It’s 9:30 p.m., Friday, December 14, 2012. Like so many, I watched CNN and wondered how anyone could live through such a tragedy as occurred in Connecticut today. I watched as the community came together in a local church to begin the long process of dealing with their terrible loss. Being a priest myself, I also took notice of the strength the priest of that church displayed as he performed his job as counselor and comforter of the people in his community. I wonder if I could have done half as well. Being in the priesthood is often a challenging and consuming job. We almost automatically ask the simple question, “Why?” And I am sure the debate over guns will be argued back and forth as if merely passing some law could prevent a similar horror. But I don’t think that passing laws or spouting psychological and sociological ‘answers’ will do much toward changing things.
Back in the ‘60’s I was one of those rebellious young adults that thought demonstrating in the streets and making love in the parks was going to change the world for the better. Now that I’m in my sixties and not so crazy (at least, not in that way), I think the only way to change the world is to change myself. So I try to harvest useful information from everything around me. Even things like the senseless murder of 20 children and 8 adults in Connecticut. What have I managed to learn from this and other similar tragedies?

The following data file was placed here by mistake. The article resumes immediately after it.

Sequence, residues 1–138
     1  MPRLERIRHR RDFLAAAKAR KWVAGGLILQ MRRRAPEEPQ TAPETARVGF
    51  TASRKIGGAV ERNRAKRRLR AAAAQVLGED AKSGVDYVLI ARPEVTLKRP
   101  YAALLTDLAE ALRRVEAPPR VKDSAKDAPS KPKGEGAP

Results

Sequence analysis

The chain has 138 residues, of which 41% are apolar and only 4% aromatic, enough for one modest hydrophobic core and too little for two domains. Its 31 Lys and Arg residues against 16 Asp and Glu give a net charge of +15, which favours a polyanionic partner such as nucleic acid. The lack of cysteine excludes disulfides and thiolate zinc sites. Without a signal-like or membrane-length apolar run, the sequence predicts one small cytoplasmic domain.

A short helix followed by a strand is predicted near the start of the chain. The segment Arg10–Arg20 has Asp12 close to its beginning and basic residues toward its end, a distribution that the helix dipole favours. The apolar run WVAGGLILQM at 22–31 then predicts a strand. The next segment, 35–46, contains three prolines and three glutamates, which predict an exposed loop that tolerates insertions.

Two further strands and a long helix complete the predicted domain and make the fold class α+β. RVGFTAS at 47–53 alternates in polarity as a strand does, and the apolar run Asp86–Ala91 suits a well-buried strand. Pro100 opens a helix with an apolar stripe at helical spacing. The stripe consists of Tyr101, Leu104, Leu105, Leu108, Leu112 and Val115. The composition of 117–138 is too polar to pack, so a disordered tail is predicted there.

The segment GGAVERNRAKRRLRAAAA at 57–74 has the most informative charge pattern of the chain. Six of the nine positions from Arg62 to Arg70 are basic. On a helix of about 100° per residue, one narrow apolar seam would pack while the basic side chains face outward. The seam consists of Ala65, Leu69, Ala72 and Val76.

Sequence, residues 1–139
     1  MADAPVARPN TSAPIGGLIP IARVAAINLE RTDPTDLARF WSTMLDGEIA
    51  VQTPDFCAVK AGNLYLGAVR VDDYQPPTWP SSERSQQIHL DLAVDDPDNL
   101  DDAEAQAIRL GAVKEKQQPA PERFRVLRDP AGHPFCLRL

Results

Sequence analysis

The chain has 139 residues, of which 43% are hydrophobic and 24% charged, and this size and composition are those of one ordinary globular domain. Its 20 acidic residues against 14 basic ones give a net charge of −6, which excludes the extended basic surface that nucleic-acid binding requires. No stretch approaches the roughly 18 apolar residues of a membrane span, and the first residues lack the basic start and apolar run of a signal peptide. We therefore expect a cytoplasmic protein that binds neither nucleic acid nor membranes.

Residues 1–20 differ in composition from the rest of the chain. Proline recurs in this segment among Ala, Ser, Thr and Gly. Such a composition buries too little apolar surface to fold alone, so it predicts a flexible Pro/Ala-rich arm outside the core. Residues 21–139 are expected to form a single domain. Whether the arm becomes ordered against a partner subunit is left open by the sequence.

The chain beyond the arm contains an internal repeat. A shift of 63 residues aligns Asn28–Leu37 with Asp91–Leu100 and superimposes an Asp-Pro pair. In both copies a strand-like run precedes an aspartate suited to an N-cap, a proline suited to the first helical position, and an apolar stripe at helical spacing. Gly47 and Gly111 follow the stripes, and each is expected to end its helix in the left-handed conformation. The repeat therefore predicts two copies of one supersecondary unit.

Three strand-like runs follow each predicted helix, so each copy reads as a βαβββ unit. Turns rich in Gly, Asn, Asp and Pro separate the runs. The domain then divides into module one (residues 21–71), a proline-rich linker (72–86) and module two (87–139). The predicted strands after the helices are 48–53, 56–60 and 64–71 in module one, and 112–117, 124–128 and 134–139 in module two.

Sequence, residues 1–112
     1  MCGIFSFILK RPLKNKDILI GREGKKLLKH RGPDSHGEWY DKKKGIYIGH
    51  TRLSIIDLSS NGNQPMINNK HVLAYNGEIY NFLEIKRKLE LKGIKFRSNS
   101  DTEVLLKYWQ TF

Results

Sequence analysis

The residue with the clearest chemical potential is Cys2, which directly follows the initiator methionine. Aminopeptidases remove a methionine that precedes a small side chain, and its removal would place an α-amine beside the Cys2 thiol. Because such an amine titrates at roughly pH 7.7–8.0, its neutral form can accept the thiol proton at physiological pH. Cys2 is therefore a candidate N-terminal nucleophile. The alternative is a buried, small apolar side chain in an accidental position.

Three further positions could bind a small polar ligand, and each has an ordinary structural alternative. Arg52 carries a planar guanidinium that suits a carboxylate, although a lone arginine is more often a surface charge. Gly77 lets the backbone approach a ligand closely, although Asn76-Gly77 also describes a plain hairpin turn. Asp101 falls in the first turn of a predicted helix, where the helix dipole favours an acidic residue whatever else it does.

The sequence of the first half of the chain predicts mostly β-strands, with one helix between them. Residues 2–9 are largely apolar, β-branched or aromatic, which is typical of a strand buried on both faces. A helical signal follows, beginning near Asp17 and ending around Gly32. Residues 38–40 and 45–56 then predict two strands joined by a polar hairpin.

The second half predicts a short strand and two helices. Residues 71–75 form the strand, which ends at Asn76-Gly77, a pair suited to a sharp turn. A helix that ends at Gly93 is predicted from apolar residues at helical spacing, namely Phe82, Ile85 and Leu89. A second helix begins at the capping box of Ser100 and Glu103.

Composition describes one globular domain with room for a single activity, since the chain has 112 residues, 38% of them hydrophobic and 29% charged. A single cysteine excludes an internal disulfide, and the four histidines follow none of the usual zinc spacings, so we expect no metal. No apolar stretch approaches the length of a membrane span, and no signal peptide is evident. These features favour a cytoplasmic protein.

Let me table that question for a moment and present a little background information I’ve already learned. The number one rule of ALL schools of magic is: Everything is connected. Probably the single greatest lesson I learned from discovering The Spell of Making is: How it feels is what it means. And what I’ve learned as a priest is: Love and fear are opposites and can’t exist in the same time and place with each other. So here is what I’ve learned from this ugly, evil, soul-wrenching event:
I can change this. I can’t change it very much. I can’t affect the entire society so this won’t happen again somewhere or some other time. I might not even make much of a difference to those I see many times a week or for long periods of time. But I can change myself. And… everything is connected.
I can change this. What I’m feeling right now is sad and angry. I have to change how I feel about this event before I try to go out in the world and infect others with my feelings. Because… how it feels is what it means.
I can change this. I have to find the right combination of feelings to infuse others with love, not fear. At the very least, I have to find the strength to put away my anger. I can rightfully be sad about this, but any anger I generate will result in fear in others. Love and fear can’t inhabit the same space and time.
That’s my job as part of the Priesthood.
Wanna go change the world?